K Prathameshwarar and K Swarnavahini have won multiple awards at two international innovation fairs in India and Taiwan, thanks to their invention, the Desktop CNC machine.
Their invention won them 3 awards at the India International Innovation Fair – IIIF 2019, Hyderabad and 5 awards at the Kaohsiung International Invention and Design EXPO (KIDE) 2019 in Taiwan.
Their mother, Jayacheetra Ramaloo, talks to Varnam about her kids’ achievements.
“Prathameshwarar has been interested in inventions from young age. When he turned 9, I enrolled him into a robotic Lego course. He picked up the EV3 Lego on his own, and went on to master Arduino, an open-source electronic prototyping platform that enables users to create interactive electronic objects,”
“Internet of Things (IoT) has always been their interest,” says Jayacheetra. “Prathameshwarar attended an IoT course in Hyderabad for 5 days in March, and from there, people from the Indian Innovation Association approached me, telling me that my son is really talented,”
“Looking at my son pick up these skills so quickly, I wanted to spread the knowledge about IoT. I set up a company, Instrosoft Sdn Bhd, and we conducted a workshop for teenagers in the field for two days, with a simplified programming syllabus. We brought over a trainer from Hyderabad,” Jayacheetra tells us.
The international stage beckons
“Prathameshwarar then won the Innovative Robotics Challenge 2018, organised by Universiti Teknologi Malaysia for his other invention, a portable radar for the blind. That got me thinking, what can we do at an international level?” Jayacheetra says.
“I broached the topic of an international level innovation to my kids, and before I could finish my sentence, they were already discussing ideas,” 15-year-old Prathameshwarar and 16-year-old Swarnavahini created the Desktop CNC machine that utilises lasers, and can be connected to a laptop.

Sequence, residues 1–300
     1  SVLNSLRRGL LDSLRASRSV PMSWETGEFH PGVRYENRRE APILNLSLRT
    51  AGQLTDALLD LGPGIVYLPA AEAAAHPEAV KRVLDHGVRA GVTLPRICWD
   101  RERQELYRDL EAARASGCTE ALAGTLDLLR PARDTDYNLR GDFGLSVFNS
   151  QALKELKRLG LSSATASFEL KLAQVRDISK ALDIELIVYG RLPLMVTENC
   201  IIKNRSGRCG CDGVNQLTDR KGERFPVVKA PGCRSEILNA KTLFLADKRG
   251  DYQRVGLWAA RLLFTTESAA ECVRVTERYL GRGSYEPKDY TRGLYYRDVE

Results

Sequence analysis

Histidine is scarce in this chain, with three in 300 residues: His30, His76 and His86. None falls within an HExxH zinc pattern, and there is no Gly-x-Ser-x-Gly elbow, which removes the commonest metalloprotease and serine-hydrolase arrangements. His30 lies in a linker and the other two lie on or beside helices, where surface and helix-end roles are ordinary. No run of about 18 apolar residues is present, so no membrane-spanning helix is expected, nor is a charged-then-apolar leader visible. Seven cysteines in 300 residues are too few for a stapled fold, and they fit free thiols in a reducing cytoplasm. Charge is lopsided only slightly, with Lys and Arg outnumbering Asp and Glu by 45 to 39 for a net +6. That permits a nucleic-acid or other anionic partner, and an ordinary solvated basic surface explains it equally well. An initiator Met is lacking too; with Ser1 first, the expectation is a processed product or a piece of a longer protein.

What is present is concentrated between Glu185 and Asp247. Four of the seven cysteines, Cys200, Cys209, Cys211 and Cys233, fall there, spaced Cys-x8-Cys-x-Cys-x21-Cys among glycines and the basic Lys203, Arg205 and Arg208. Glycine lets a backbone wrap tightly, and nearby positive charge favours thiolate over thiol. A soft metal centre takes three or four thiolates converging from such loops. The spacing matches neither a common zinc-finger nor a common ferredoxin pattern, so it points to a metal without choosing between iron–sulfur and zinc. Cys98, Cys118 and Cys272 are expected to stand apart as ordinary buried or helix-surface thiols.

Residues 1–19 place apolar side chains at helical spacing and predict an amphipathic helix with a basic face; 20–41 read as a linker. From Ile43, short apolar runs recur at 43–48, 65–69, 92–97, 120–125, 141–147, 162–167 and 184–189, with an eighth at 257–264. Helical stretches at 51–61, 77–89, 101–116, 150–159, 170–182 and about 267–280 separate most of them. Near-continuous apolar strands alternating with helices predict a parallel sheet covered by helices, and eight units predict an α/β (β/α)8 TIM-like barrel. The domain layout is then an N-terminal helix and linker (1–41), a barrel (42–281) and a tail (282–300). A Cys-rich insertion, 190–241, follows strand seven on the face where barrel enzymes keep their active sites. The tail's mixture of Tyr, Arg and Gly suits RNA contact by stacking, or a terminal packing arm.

The three packed their bags for their first international exhibition. It was surreal. “Many corporate giants approached us and were very keen on buying the product and the technology behind it,” Jayacheetra tells us that this is because the teenagers’ invention costs only RM50, but can be sold for USD $300.
At the India International Innovation Fair in Hyderabad from the 1st to 3rd December 2019, the teenagers won three awards. They are the Special Award from DEV-KIT-HAG Invention Association of Germany and the Innovative Business Solutions Award. The two also received a certificate of achievement from Indian Innovators Associations.
The family then made their way to Taiwan for the Kaohsiung International Invention and Design EXPO (KIDE) from the 6th to the 8th of December. There, they won a Special Award from Norton University, Kingdom of Cambodia and the Special Honour of Invention from Toronto International Society of Innovation & Advanced Skills (TISIAS).
The two also claimed the Leading Innovation Award from Macao Innovation and Invention Association (MIIA) as well as the INTARG Special Award for Contribution to Promotion of Innovation, Poland and a Gold Medal from World Invention Intellectual Property Associations (WIIPA), Taiwan.
Because Jayacheetra could not get any backing from the school the teenagers attended, she signed them up for the innovation fairs under the banner of her company, Instrosoft Sdn Bhd.
“It wasn’t as if the teenagers won all these accolades because they were young. We had engineers and big corporations visiting our booth, talking to us about our innovation. It was quite spectacular,”
“They deserve recognition”
Single parent Jayacheetra’s drive to do her best for her children is motivated by their keenness in the field of innovations, “I must do my best for my children, they deserve the recognition for all their hard work,”
“Even in school, their teacher will tell them, “Besok ada competition, prepare a project,” and they will conceptualise and execute an innovation of his own within a short span of time. Of course, they will bug me to buy something or other!” she laughs.
The siblings, along with their 14-year-old sister Gayathiri, have never been discouraged from surfing the net, Cheetra tells us. “Kids these days are always on their gadgets, so I encourage them to use those gadgets sensibly. Learn about IoT, be inquisitive, watch DIY videos,”
As a result, the siblings have learnt to question their surroundings and the technology behind it. “They don’t consult with their teachers, and instead, turn to the internet to have their numerous whys answered,” she says.
“They are talented kids, and I didn’t want their efforts to go unrecognised. So I pooled my savings and took out a small loan. But my friends and family helped out with 90% of the cost. The Malaysia Telugu Foundation donated RM 1,400, and we were really grateful for that. The total cost of the flights, hotels, entry fees, and expenses came up to about RM 28,000,”
Jayacheetra assures us that Prathameshwarar and Swarnavahini have just dipped their toes into the field of innovations, and they are going to make Malaysia proud many times more. “This is just the beginning for us. We have a long way to go,” she smiles.
Jayacheetra can be contacted via email at firstname.lastname@example.org
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